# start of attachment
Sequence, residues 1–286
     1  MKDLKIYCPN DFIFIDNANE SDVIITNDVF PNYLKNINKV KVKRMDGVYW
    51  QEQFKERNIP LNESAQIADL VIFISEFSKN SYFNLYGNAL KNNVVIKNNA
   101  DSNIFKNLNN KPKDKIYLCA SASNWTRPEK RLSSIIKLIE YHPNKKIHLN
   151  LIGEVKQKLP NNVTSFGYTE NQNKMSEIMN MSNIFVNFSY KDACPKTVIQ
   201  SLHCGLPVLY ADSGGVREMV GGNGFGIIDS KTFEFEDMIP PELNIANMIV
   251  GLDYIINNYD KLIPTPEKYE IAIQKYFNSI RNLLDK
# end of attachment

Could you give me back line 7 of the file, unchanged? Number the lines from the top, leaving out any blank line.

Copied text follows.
   251  GLDYIINNYD KLIPTPEKYE IAIQKYFNSI RNLLDK